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In The Sugar Bush Post by :DonMartin-GA Category :Poems Author :W. M. Mackeracher Date :November 2011 Read :1883

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In The Sugar Bush

I halted at the margin of the wood,
For tortuous was the path, and overhead
Low branches hung, and roots and fragments rude
Of rock hindered the tardy foot. I led
My timid horse, that started at our tread
And looked about on every side in fear,
Until, arising from the jocund shed,
The voice of laughter broke upon our ear,
And through the chinks the light shone out as we drew near.

I tied the bridle rain about a tree,
And on the ample flatness of a stone
Awhile I lay. 'Tis very sweet to be
In social mirth's domain, unseen, alone,
Sweet to make others' happiness one's own:
And he who views the dance from still recess,
Or reads a love tale in a meadow, prone,
Secures the joy without the weariness.
And fills with love's delight, nor feels its sore distress.

This mind detained me in the night, but soon
Far other thoughts usurped my regal soul,
With the Supreme made fitter to commune
When human sympathy illumes the scroll
And points the secrets of the mighty Whole.
I've spurned the earth to roam the Universe,
And with the Eternal deadened Time's control,
For refuge from the shadow of a curse,
Or lust of curious lore--than maddest motive worse.

And Thou, Great Essence of all things that are,
Hast been to me most prodigal of grace,
Thou'st smiled on me in many a twinkling star,
The morn hath showered kisses on my face,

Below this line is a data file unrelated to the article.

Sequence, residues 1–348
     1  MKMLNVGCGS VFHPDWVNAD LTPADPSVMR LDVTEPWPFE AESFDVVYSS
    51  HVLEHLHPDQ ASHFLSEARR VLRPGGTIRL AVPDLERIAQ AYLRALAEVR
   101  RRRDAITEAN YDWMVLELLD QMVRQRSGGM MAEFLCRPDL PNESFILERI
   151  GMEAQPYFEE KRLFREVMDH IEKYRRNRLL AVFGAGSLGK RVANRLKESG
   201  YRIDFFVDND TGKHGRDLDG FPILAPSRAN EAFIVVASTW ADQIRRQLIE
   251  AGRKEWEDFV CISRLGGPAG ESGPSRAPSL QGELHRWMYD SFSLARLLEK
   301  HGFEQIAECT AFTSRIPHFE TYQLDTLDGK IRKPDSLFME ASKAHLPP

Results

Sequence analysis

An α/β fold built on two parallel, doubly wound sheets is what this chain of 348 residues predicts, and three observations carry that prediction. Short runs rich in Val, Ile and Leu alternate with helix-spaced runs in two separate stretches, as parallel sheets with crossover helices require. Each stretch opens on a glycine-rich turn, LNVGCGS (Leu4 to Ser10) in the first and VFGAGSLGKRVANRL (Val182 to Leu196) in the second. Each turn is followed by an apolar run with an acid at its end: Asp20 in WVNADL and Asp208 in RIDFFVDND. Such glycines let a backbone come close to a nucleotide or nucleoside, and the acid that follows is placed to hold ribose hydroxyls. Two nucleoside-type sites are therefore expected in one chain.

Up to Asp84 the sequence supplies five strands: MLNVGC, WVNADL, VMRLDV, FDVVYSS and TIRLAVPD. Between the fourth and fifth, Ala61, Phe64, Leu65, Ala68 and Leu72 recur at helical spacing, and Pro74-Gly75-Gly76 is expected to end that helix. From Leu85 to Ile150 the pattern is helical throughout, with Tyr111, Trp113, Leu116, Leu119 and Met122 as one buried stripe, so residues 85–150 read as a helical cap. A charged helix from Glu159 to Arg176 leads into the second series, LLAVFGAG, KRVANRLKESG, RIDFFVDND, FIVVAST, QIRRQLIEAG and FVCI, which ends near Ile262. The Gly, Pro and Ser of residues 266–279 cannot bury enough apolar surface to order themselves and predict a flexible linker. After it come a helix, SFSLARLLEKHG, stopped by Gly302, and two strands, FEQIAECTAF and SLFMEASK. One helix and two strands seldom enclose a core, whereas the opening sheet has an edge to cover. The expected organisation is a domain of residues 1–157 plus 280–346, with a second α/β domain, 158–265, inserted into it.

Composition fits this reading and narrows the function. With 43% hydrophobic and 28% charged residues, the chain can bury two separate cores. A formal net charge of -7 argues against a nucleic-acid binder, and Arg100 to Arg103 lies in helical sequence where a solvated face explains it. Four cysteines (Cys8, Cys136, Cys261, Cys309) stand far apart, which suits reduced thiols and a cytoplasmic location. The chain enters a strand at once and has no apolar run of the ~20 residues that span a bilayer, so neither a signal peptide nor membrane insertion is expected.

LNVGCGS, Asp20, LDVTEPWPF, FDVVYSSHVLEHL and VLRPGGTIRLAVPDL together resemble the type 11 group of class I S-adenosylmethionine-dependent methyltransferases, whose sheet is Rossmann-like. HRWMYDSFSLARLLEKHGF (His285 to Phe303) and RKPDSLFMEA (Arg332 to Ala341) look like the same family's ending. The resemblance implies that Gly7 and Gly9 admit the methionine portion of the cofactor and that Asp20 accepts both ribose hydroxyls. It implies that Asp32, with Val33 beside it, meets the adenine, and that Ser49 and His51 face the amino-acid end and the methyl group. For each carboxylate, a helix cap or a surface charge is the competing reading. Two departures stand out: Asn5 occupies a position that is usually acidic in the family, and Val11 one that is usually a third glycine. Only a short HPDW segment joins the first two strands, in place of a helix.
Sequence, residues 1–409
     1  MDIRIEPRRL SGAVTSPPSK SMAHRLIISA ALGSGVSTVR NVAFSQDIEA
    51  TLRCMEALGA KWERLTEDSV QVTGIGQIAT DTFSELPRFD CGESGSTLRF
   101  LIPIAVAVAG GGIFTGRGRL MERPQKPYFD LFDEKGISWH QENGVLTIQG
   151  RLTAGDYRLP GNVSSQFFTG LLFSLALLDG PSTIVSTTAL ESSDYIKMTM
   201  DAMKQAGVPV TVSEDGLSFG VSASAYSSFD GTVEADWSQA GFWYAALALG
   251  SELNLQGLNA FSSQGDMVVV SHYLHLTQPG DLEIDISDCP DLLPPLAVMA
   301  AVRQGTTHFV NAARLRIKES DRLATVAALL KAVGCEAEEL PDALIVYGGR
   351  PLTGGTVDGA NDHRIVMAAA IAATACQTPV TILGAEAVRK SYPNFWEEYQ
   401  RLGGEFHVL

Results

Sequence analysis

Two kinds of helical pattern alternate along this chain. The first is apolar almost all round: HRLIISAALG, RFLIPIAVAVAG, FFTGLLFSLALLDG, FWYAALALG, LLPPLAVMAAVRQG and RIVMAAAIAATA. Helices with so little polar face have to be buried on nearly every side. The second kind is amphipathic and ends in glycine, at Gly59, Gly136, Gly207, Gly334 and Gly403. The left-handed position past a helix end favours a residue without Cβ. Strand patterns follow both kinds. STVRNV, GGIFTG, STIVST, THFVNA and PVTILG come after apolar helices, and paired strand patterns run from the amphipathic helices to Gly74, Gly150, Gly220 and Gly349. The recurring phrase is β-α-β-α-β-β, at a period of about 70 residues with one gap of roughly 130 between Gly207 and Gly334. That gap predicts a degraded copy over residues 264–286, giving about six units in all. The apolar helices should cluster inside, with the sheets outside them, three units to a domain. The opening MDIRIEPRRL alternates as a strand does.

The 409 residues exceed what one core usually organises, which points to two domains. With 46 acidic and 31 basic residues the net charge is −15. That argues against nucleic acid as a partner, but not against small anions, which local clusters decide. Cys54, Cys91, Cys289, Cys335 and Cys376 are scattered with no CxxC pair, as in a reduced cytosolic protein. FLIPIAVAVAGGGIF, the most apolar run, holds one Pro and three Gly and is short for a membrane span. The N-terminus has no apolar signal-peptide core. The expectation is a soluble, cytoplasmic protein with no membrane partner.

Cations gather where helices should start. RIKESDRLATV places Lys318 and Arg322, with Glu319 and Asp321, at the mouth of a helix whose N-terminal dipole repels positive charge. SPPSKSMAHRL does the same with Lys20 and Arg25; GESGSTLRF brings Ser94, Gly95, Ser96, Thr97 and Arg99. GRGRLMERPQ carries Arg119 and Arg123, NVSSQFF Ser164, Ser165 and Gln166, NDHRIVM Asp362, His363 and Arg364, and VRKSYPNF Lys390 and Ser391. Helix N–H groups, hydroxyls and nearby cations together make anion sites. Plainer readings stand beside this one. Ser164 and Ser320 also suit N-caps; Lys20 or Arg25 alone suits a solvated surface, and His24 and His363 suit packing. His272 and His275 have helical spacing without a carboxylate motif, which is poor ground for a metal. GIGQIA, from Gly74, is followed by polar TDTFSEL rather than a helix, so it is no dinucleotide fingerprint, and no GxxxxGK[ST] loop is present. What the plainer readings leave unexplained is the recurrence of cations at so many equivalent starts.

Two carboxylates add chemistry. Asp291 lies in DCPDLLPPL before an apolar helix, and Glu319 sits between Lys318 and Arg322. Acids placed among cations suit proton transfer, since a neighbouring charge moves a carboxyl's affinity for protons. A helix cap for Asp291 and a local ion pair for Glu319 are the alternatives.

In Nature's arms, thy bodily embrace,
Not purest poet hath more fondled been.
'Tis true that I have often thought to trace,
Instead of peace, a harshness in thy mien,
And where I beauty sought, discordant sights obscene.

But not with aching heart I sought thee now,
That thou might'st numb with thy narcotic night
The restless pulse, oblivious balm bestow,
Infuse this frailty with thy glorious might,
And blind with beauty to the mortal blight.
Not even wilful love possessed me, when,
Behold, thy spirit stole upon my sight
And ravished me--What wonder that my ken
Forsook this little world of vanity and men?

And howsoe'er it seemed at other times
To my imperfect and diseasèd mind,
Which darkened with the shadow of men's crimes
Thy virtue, fancying in thee to find
Reflection of the ills that shake mankind,
Though on me now a tempest broke and war
Convulsed the elements, I would perceive behind,
Law, harmony, and purpose--That falling star
Seems sped to be the sun of new-formed worlds afar.

And yet the scene was such as often shares
The obscurest soul--no wondrous rarity,--
The slender maples holding to the stars
Their outstretched arms, as praying silently--
A sea of stars--a dancing, dazzling sea,
Tremendous, mighty, infinite, supreme,
Emblem of Might, Eternity's decree,
Half crediting the mythologic dream
And making of heaven th' abode that vulgar fancies deem.

A common scene, perchance, but, to the mind
Which Nature hath enlightened with her ray
Nothing in her is common.--Not confined,
Her beauty, to the sparkle and the play